Amidst the complexity of the current policy arena, every business wants to know what the market will look like for the next 5 years. In addition to all the ambition, innovation, and confidence exuded at this conference by industry experts and professionals, businesses have to stay on their toes amidst policy changes.
A recent report by the Solar Foundation found that the U.S. lost 10,000 solar jobs in 2017, the first decline in industry history. Massachusetts was hit particularly hard, losing 21% of its solar workforce in a year. Most of these losses were on the “demand side” – installation, sales, and distribution businesses.
The main culprit? Changes in policy. 2016 was a record-setting year, as companies raced to exploit a federal solar tax credit set to expire in 2017. While the tax credit was ultimately renewed, companies had already planned reduced workloads. Additionally, the report attributes some job loss to “jitters” about the impending solar tariff.
Massachusetts is primed to rebound if we can pass substantive legislation. The Senate’s clean energy omnibus bill released Monday would be an enormous step towards expanding our renewable energy sectors, hitting aggressive emissions reduction targets, and preparing our coasts for climate change impacts. If this expo was any indication, the solar industry has unified in opposition to federal setbacks – to make real progress, we’ll need them to unify in support of good state initiatives as well.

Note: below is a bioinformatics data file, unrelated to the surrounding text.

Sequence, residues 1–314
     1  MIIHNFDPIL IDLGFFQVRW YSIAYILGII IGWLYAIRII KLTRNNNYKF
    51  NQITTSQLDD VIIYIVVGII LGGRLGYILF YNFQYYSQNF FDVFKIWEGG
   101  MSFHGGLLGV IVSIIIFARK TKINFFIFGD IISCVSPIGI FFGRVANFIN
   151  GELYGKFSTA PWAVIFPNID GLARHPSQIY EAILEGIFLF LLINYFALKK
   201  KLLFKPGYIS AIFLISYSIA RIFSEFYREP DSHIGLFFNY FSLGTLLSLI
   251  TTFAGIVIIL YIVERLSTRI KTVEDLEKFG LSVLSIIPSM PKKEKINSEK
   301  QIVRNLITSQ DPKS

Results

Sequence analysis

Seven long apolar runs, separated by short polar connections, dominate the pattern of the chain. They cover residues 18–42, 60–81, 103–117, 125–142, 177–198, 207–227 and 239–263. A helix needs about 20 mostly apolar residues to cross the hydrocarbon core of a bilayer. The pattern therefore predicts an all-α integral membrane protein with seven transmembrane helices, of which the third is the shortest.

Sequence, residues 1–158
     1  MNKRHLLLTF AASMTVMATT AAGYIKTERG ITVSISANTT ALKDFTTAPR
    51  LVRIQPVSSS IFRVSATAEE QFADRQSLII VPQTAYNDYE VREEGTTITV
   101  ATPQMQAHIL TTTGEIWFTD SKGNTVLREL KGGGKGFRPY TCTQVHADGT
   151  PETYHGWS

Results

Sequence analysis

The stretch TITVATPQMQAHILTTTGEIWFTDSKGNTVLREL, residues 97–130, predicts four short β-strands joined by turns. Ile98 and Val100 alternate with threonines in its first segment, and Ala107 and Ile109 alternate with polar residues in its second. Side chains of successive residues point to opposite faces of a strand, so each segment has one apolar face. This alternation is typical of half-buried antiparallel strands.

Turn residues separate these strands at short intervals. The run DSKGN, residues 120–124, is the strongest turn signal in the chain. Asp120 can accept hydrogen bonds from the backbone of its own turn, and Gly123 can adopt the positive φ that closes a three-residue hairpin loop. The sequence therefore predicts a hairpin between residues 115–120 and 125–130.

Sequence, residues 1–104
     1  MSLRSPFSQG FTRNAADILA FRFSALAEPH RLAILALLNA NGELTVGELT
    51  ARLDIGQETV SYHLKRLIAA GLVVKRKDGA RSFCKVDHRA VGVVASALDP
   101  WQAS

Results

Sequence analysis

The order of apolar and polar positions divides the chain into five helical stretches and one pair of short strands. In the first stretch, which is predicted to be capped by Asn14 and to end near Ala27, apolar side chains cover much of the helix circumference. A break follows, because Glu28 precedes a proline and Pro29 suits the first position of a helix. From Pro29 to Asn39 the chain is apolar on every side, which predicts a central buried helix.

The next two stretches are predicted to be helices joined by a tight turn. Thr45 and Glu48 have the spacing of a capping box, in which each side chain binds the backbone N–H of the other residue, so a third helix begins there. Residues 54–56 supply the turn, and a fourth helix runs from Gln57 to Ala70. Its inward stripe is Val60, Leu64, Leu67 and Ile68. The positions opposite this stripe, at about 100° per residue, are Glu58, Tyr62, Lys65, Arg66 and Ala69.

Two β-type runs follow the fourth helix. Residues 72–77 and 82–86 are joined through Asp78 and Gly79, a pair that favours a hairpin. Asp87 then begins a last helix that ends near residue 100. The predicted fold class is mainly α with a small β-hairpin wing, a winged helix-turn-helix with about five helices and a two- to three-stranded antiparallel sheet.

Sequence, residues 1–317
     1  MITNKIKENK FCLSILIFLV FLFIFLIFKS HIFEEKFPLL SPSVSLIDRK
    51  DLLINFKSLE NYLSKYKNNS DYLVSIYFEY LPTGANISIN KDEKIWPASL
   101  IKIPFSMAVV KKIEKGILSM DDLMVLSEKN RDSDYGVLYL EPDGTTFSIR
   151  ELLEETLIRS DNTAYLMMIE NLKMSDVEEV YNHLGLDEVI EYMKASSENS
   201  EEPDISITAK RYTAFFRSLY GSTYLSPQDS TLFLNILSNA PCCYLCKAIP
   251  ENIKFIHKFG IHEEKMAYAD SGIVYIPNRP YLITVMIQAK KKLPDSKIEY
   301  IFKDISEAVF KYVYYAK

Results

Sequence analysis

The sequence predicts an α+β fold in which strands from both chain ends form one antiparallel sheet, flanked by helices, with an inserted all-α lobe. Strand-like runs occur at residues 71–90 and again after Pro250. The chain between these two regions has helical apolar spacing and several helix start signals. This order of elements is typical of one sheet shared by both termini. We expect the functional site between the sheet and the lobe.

JONAH KURMAN-FABER COMMUNICATIONS AND POLICY FELLOWJonah is currently a Masters candidate of Sociology at Northeastern University, where he completed his Bachelors. He developed an appreciation for the environment at a young age, growing up on Lake Massapoag in Sharon, MA. He recently held multiple positions at Oxfam America as a grasstops and grassroots organizer, prior to which he served as an outreach coordinator for the Mass Save program. His academic expertise includes renewable energy policy, urban development, and gerrymandering. In his spare time, Jonah enjoys playing/coaching Ultimate Frisbee, traveling, and eating food he can’t afford.